A trend toward the adoption of electric cars may be foreshadowed by the growth of electric bicycles and the global shift in transportation that has already demonstrated an impact on the lithium industry. A recent report from Pike Researchforecasts that the global market for electric bicycles will climb at an estimated compound annual growth rate of more than seven percent over the next six years, which could reflect global annual sales of over 47 million vehicles by 2018.
Lithium battery technology is currently used in 65 percent of operating electric bicycles in Western Europe, compared with North America at 56 percent and Asia at four percent. Demand for electric bicycles in Western Europe is expected to climb at an annual rate of 11.8 percent over the next six years for an estimated total of 1.5 million electric bicycles sold in 2018.
Alternative power source
The majority of the electric bicycles sold in China use sealed lead acid batteries; however, the report forecasts that global penetration of lithium batteries will grow from six percent this year to twelve percent over the next six years. The primary limit will be set by cost pressures on sealed lead acid batteries in Asia through this decade. Last year China represented approximately 41 percent of global lead demand. Pike Research believes that once manufacturing efficiencies have driven down the costs of lithium battery technology, the market will start to see the decline of sealed lead acid as the battery of choice in electric bicycles.
Electric bicycle sales volumes are being driven by macroeconomic trends, such as the growth of urbanization, in addition to the need for convenient, low-cost transportation in developing markets. This point is of interest since more than 1.5 billion individuals in China and India are still living in rural areas, which in recent history have often been considered the most dominant economic development contexts.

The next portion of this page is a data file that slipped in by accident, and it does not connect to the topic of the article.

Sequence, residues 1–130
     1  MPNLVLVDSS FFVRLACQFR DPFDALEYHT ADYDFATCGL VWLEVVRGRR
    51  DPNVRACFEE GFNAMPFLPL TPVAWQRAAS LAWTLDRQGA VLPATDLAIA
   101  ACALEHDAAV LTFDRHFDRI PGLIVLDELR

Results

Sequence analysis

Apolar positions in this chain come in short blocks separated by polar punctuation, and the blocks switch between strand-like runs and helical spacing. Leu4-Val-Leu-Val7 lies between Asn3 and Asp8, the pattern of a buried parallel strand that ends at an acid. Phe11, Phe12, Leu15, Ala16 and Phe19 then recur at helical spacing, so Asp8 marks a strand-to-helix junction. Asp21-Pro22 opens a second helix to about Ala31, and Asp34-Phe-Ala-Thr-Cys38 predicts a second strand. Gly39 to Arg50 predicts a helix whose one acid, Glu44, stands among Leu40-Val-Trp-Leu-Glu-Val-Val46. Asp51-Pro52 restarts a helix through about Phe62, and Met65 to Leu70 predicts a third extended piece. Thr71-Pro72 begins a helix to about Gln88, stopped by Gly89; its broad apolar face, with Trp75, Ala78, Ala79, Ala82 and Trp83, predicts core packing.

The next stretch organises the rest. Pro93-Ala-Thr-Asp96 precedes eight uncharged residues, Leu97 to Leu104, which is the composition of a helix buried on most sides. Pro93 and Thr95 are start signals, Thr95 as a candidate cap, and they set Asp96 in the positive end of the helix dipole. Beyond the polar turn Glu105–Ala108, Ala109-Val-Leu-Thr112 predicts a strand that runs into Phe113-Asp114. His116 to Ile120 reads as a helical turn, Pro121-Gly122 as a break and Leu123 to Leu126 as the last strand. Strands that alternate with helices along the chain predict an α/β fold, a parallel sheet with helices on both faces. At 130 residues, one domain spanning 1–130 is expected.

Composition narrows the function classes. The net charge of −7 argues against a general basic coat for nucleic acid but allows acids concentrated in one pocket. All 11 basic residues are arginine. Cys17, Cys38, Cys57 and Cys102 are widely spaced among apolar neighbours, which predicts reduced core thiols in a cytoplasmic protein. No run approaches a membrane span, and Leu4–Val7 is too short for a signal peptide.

The research report anticipates that in six years Chinese demand for electric bicycles will account for 42.4 million, with an estimated 89 percent of the total global market share. The total number of electric bicycles currently operating in China is estimated at between 120 and 140 million, compared with total automobile ownership of approximately 72 million passenger cars.
In an interview with Lithium Investing News, Dave Hurst, senior analyst at Pike Research, discussed the repercussions of a possible economic slowdown in China for the county’s adoption rates. Hurst conceded that “a slowdown or contraction would have to include unemployment and a decrease in the population growth of some of China’s cities. Most e-bicycles are purchased for commuting and transportation, so an economic slowdown could have one of two effects: it could decrease the purchase of e-bicycles as there is less need for transportation in the cities, or alternatively, it could shift some of the car demand to e-bicycles, which are significantly less expensive to operate.” Under the premise that Hurst developed, “this result would likely be a wash. We could see demand slow as unemployment creeps higher, but then you would have some additional demand return from those that still need transportation replacing that lost demand.”
Impact for lithium producers and exploration companies
Hurst explained a muted positive benefit for both lithium producers and junior exploration companies, commenting that “the upstream implications for the lithium market will be positive, but not huge. The batteries in e-bicycles are small in comparison to other forms of transportation, and the largest market, China, will be still dominated by lead acid for the next several years. As a result, I anticipate that the demand for lithium-ion battery storage is going to grow at a healthy, yet not phenomenal, rate of 22 percent, growing from one million kilowatt hours of batteries in 2012 to 3.4 million kilowatt hours by 2018.”
Hurst indicated that larger-weighted aggregate demand from automobile manufacturing “is anticipated to reach 3.6 million kilowatt hours this year. So, bottom line, I anticipate that e-bicycles will be helpful early on for some battery manufacturers and lithium producers that need whatever volume they can get, but e-bicycle batteries are not going to be the difference between success and failure for most large lithium producers, exploration companies, or battery manufacturers.”
Securities Disclosure: I, Dave Brown, hold no direct investment interest in any company mentioned in this article.